A $27 wage rise per week for our lowest paid workers is essential if Australia is to avoid creating an underclass of working poor.
ACTU Secretary Dave Oliver said that new research contained within the ACTU submission to the Fair Work Commission’s Annual Wage Review shows that if action isn’t taken to increase the minimum wage and turn around the alarming decline in the relative earnings of low paid workers then Australia will have an entrenched working poor as they do in the United States within twenty years.
“A $27 per week increase to the minimum wage will ensure the gap between low paid workers and the rest of the workforce does not widen even further, “Mr Oliver said.
“Australians do not want to live in a country of ‘haves’ and the ‘have-nots’ and the only way for low paid workers to keep up is for the Fair Work Commission to approve this increase.
“That’s why the ACTU is demanding the National Minimum Wage increase to $649.20 a week for Australia’s lowest paid including cleaners, retail and hospitality staff, child care workers, farm labourers, and factory workers.
“This would mean a 71 cent per hour increase from $16.37 per hour to $17.08 per hour. We’re asking the Fair Work Commission to increase the lowest award wages by the same amount, $27 per week. For other Award reliant workers above the benchmark tradesperson’s rate, Unions seek a 3.7% increase.”
Mr Oliver warned that allowing inequality to worsen will ensure that within 20 years Australia will have a working poor similar to the United States.
“The minimum wage is now just 43.3% of average full time wages – the lowest proportion on record,” Mr Oliver said.
“If action isn’t taken, by around 2035 that figure could languish below 30%.
“This will make life in Australia much tougher for low paid workers who will find themselves well and truly left behind. Unions are not going to sit back and let that happen.
“If we want to be the country of the fair go then Australia’s minimum wage must be increased.
“It is the responsible thing to do and it is the right thing to do – Australians are emphatic, we do not want a US style underclass of working poor in this country.
“We want a country that gives everyone a fair go and gives everyone dignity and a right to a reasonable and decent quality of living. That’s the Australian way.”
Mr Oliver said that only twenty years ago Australia’s minimum wage was the highest in the OECD at nearly 60% of average full time wages and ten years on it was hovering around 50%.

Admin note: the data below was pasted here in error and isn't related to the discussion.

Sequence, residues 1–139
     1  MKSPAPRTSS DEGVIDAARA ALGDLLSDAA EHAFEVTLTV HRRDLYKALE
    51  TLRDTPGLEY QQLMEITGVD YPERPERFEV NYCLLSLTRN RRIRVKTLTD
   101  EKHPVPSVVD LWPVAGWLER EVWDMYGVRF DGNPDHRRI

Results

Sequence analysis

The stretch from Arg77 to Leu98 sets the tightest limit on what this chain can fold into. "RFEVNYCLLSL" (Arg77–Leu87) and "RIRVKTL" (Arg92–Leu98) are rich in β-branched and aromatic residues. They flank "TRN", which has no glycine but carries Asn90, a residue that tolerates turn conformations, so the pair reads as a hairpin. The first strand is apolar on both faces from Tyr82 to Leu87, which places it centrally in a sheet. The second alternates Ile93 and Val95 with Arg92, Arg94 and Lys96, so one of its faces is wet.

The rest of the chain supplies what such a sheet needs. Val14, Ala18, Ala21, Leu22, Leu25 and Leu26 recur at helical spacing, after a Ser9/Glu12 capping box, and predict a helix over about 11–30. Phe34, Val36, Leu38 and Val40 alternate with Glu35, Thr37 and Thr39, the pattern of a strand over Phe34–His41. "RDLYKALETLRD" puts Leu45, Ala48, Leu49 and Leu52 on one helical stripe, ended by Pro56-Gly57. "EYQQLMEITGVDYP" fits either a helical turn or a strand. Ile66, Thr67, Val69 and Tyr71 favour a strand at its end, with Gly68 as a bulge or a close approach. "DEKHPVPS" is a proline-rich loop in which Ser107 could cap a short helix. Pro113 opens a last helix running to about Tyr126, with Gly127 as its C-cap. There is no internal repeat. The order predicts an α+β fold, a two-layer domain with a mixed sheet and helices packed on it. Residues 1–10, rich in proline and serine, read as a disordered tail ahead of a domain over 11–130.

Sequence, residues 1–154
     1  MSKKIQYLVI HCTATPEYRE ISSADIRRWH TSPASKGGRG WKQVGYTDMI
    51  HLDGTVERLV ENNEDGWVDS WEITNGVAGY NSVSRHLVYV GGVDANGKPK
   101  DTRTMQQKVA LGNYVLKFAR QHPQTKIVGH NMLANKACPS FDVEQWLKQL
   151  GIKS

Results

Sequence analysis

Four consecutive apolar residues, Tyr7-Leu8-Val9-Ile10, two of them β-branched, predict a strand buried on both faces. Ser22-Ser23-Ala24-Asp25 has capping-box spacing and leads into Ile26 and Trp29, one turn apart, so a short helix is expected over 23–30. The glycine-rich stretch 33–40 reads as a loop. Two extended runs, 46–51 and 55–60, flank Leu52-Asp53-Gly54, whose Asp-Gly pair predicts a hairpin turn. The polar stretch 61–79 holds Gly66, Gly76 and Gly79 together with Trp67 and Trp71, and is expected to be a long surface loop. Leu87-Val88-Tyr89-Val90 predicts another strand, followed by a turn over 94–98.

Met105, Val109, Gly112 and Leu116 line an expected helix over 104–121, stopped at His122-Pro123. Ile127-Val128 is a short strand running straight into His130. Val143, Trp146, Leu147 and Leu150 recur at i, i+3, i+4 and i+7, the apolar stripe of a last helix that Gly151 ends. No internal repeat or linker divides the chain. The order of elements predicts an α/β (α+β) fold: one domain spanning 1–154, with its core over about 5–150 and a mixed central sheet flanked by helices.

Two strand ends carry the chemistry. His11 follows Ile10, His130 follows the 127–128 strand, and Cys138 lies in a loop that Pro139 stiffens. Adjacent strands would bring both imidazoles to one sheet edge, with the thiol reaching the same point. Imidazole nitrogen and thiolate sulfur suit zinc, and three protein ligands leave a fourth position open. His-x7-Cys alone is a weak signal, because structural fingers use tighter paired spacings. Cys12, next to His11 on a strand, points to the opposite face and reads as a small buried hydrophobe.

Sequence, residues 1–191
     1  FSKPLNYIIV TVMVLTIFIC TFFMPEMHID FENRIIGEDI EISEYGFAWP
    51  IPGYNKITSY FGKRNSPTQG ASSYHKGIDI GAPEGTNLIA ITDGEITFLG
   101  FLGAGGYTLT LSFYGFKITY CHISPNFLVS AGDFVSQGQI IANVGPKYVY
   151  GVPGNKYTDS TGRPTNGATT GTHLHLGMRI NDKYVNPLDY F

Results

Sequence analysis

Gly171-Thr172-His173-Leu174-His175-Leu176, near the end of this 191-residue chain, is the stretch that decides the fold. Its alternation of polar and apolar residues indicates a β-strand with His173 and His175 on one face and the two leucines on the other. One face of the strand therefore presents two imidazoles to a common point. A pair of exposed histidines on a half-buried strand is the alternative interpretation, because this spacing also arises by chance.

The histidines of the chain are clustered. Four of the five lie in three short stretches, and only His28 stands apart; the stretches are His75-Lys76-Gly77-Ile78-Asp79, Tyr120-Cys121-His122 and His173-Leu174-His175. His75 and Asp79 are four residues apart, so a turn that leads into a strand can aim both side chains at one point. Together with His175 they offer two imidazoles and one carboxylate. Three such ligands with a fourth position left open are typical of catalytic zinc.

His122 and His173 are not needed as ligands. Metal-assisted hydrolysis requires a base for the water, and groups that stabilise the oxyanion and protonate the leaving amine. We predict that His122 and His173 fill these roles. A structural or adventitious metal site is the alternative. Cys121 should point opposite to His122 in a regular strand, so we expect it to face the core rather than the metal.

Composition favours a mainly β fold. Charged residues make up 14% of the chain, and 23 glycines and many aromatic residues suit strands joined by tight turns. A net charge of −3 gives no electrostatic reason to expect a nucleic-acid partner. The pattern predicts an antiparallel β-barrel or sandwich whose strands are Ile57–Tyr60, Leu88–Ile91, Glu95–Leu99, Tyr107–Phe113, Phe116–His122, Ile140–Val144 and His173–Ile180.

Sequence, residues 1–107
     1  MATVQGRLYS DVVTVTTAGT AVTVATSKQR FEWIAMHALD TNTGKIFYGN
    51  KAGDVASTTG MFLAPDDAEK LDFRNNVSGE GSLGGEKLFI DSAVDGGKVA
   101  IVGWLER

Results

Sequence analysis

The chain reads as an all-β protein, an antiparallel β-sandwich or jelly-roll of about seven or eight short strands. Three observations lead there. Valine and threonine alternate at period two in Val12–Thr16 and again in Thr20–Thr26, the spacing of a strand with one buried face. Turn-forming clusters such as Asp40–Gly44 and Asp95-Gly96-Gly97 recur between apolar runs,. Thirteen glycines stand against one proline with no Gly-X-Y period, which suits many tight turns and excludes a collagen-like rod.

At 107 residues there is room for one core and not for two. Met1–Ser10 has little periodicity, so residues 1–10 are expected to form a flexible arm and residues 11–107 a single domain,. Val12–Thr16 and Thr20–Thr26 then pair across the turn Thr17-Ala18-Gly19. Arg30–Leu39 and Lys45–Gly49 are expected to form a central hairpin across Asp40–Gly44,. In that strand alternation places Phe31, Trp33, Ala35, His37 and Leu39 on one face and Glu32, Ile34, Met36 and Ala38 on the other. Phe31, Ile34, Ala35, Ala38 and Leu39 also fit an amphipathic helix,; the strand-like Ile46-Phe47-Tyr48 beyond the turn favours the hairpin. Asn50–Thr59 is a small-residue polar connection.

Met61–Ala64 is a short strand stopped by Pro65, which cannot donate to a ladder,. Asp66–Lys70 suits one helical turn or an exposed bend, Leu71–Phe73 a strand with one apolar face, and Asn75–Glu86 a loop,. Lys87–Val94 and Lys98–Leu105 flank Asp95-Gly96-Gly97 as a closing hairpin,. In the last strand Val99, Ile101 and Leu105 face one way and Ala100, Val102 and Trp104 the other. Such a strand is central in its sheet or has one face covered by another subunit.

“Our research proves there is an urgent and compelling need to turn this decline around,” Mr Oliver said.
“The annual wage review is the only chance for a pay increase for 1.5 million of Australia’s lowest paid workers, and helps set the pay and pay increases of many more.
“Australia is meant to be the country of the fair go but the stats speak for themselves – we’re going down the path of the ‘haves’ and the ‘have-nots’ and the ‘have not’ population is growing.
“Australia is becoming a high cost country to live in and for low paid workers it’s getting harder and harder to get by.
“For those on a low wage, home ownership is a now pipedream. The minimum wage has less than doubled in the past 20 years compared to a 250 per cent increase in housing prices.”
Mr Oliver said the performance of Australia’s economy meant the claim of $27 a week for the National Minimum Wage was affordable and reasonable.
“Productivity has been growing at its fastest pace in over a decade, but wages have failed to keep up– especially the wages of the lowest paid. Workers’ share of national income has fallen, while the profits share is near an all-time high,” Mr Oliver said.
The claim for $27 would benefit about 750 000 workers. A pay rise of 3.7% will be sought for a further 790 000 Award-reliant workers who are paid above the C10 tradesperson’s rate. In total, about 16% of employees depend on the wage increased obtained by the ACTU through Annual Wage Reviews.
“It is essential that the Fair Work Commission increase the minimum wage to stop the alarming decline in the relative earnings of low paid workers,” Mr Oliver said.
“The best outcome for workers will be one that stops the gap growing between low paid workers and the rest of the community.”